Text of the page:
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Classic movies that were initially box-office duds (11 Photos)
“The Big Lebowski” (1998)
Not many box-office bombs can say they’ve created both an annual fan festival and religion, but “The Big Lebowski” is not your average box-office bomb.
Released in 1998 during the immensely successful box office run of “Titanic,” the film starring Jeff Bridges, which cost $15 million to make, debuted to $5.5 million opening weekend.
The film recieved mixed reviews with Variety calling it “hollow and without resonance” while others like Roger Ebert found it “weirdly engaging” like the Dude himself.
The film eventually pulled in $17 million at theaters, but it wasn’t until years later fans used the internet and social media to re-evaluate the film and turn it into a cult sensation.
“Donnie Darko” (2001)
“Donnie Darko” may have helped launch the career of Jake Gyllenhaal, but it was a huge flop when it came out in theaters.
The indie film, which cost an estimated $6 million to make, debuted to $110,494. It didn’t help that the film — which features a plane crash — opened not long after the Sept. 11 attacks. The movie wasn’t released internationally for another year.
Theatrically, “Donnie Darko” went on to make $1.2 million. After its DVD release in 2002, it started playing as a midnight movie for over two years at New York’s Pioneer Theater and became enough of a cult classic to release a “director’s cut.”
“Citizen Kane” (1941)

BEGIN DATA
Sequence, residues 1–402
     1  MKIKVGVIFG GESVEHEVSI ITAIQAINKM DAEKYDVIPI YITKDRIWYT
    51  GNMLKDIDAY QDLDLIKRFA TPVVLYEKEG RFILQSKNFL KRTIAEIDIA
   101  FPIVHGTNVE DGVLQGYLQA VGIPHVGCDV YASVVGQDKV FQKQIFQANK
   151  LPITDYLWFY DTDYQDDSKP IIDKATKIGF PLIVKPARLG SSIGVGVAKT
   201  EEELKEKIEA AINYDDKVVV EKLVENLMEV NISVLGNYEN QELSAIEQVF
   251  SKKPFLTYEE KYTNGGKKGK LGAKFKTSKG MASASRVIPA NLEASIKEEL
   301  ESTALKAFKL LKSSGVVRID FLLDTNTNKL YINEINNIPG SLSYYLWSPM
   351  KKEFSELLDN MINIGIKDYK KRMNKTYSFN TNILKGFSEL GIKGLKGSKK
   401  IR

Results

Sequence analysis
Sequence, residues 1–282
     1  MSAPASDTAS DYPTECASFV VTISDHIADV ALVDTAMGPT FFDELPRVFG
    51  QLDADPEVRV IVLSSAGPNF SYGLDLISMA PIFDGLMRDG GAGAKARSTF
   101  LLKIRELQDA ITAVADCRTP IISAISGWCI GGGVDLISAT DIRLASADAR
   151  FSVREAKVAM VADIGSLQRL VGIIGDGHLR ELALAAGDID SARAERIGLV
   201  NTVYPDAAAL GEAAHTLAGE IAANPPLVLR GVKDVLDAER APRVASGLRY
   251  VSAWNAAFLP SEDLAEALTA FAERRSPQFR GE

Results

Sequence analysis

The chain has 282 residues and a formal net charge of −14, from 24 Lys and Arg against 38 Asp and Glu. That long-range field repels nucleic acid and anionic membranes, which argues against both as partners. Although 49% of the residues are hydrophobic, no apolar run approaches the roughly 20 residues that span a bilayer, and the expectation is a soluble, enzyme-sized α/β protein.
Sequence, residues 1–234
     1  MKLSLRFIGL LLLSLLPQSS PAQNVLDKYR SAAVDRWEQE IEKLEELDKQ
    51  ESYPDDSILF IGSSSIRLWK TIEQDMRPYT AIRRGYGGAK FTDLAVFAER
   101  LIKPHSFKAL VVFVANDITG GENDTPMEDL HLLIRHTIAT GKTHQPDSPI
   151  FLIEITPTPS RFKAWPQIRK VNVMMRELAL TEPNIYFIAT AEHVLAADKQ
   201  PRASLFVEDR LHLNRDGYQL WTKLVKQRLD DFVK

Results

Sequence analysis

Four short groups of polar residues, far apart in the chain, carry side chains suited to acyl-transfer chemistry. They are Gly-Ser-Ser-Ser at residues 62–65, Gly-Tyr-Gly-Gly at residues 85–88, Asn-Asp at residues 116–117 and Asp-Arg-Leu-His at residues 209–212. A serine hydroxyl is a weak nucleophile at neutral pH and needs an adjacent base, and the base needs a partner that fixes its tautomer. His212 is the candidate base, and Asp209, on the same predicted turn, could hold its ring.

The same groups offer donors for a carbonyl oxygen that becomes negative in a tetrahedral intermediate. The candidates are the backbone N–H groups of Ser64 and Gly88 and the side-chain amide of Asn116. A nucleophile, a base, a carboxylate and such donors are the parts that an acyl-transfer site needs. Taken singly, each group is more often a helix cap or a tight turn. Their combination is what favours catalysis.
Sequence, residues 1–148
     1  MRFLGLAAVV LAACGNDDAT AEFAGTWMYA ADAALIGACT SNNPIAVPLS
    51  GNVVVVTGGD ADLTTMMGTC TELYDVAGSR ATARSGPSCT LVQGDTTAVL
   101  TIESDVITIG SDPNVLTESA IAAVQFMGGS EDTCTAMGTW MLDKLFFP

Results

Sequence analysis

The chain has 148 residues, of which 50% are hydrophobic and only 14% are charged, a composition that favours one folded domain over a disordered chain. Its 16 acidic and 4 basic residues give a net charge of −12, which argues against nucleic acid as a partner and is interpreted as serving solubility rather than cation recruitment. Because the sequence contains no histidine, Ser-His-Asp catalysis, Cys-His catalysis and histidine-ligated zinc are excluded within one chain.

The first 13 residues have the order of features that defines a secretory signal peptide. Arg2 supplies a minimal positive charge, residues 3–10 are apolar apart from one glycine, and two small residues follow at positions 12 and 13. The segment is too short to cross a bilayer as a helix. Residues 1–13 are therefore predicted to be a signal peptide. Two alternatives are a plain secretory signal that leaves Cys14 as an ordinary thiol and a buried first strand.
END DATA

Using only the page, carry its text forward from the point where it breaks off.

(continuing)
1941’s “Citizen Kane” is considered by many to be the greatest film ever made, but only had a box office of $1.5 million.
One of the possible reasons the film did so poorly can be traced to newspaper magnate William Randolph Hearst’s hatred of the film.
Hearst (who the film is partially based on) disliked the film so much that he made sure his many newspapers banned any mention of it.
“Fight Club” (1999)
When “Fight Club” first hit theaters in 1999, it didn’t just perform poorly — the film made just $37 million domestically — but also received mixed reviews.
Entertainment Weekly gave it a “D” calling it a “dumb and brutal shock show” while according to the film’s commentary Rosie O’Donnell hated it so much that she went as far to ruin the film’s twist ending on national television.
It wasn’t until the DVD release that the film took off (it sold over 6 million copies) allowing a wider audience to catch the hidden details that made it a dark classic.
“It’s a Wonderful Life” (1946)
“It’s a Wonderful Life” may not have become a Christmas classic if the film didn’t fall into the public domain.
The 1946 movie starring Jimmy Stewart made barely $3.1 million, bankrupting director Frank Capra’s production company.
When the film’s copyright expired in 1974 it entered the public domain. The movie was picked up by TV networks for free that showed the film over Christmas.
The repeated showings helped make it a beloved film and holiday tradition and Republic Pictures secured the rights back in 1993.
“Office Space” (1999)